Why groom your pet?
The sporadic lockdowns and social distancing measures implemented over the last year have been essential, but also deeply inconvenient for both us and the little balls of fluff that brighten up our lives.
Unless you’re more of a fish, lizard or insect person, your pets need fur cuts just as badly as you need haircuts after a few months without grooming. Moreover, there are an assortment of hygiene problems that you generally don’t run into as a human observing basic self-care, like bits of… digested food debris getting lodged in hairs growing along your backside, or irritating ticks that get stuck on you like an old Paramore album.
Who you gonna call?
Besides aesthetics, professional grooming can also spell the difference between a healthy pet and one that needs urgent attention. Dogs, for one, can actually ingest fleas that carry tapeworm eggs during self-grooming. These fleas can be hard to spot outside of behavioral indicators and are surprisingly resilient, which is why proper application of measures to address the problem at each of their developmental stages is important.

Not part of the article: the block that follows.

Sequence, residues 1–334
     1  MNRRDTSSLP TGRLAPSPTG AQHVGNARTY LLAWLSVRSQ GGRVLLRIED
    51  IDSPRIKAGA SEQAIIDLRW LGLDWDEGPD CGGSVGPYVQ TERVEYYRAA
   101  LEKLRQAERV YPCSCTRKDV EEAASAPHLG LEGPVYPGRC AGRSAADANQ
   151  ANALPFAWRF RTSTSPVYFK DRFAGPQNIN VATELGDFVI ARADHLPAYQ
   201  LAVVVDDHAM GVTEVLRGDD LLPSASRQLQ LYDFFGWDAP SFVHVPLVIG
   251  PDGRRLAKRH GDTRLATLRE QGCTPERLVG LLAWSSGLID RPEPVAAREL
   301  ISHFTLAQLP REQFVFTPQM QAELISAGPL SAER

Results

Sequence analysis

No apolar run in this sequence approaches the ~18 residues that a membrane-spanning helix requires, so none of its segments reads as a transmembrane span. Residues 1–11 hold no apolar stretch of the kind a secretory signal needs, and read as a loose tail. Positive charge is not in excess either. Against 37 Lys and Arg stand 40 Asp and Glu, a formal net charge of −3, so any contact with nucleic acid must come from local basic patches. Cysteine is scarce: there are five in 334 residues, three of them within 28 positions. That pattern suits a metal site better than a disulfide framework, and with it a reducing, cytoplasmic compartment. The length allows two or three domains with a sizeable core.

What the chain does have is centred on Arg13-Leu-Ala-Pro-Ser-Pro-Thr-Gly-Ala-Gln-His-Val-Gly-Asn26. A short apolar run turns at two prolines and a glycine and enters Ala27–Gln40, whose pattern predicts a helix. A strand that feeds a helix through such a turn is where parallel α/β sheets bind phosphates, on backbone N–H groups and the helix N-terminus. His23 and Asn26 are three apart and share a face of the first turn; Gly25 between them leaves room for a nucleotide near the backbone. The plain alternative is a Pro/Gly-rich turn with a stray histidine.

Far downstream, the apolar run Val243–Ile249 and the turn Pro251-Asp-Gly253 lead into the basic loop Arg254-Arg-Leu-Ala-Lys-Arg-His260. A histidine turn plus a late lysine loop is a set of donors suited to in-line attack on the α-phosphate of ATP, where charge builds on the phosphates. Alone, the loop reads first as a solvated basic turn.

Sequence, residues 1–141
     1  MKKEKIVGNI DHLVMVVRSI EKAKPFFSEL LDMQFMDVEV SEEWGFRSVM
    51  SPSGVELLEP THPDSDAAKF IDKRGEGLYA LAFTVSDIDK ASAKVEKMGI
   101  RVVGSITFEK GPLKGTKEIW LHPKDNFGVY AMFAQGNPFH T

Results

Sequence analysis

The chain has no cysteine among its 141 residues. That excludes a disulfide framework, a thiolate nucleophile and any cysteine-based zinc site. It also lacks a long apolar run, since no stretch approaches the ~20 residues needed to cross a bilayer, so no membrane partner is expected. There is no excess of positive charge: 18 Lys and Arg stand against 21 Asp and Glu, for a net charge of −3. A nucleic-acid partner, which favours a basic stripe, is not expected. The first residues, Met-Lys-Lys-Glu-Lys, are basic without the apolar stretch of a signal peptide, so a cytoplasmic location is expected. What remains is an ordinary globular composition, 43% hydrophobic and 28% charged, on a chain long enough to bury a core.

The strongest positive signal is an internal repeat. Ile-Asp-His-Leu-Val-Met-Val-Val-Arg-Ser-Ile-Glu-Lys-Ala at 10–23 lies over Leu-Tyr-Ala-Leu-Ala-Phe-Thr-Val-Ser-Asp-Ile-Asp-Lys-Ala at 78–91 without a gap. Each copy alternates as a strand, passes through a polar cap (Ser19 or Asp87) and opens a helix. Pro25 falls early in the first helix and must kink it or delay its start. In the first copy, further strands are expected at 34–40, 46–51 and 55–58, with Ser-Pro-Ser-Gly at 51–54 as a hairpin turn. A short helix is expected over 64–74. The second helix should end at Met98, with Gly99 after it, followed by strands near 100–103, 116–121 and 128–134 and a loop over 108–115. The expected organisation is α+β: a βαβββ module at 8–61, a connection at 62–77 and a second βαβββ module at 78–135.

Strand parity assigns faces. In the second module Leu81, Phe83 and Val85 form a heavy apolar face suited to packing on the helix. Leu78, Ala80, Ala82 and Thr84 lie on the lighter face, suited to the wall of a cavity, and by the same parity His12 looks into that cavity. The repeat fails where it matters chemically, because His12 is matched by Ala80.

Cats, which are generally fastidious about keeping themselves clean, may stop grooming themselves with little to no warning. There are an assortment of probable causes including stress, old age, illness or obesity. At the end of the day any abrupt change in habit from under-cleaning to over-cleaning that could result in fur loss or skin sores needs immediate attention from experts.
These are all factors that can adversely affect your pets in both the short and long-term, especially stress considering how lifestyle changes could cumulatively worsen the problem. Often, it’s making small repetitive changes that help pets in general settle in and feel more at home, changes that can help improve their quality of life and extend it besides.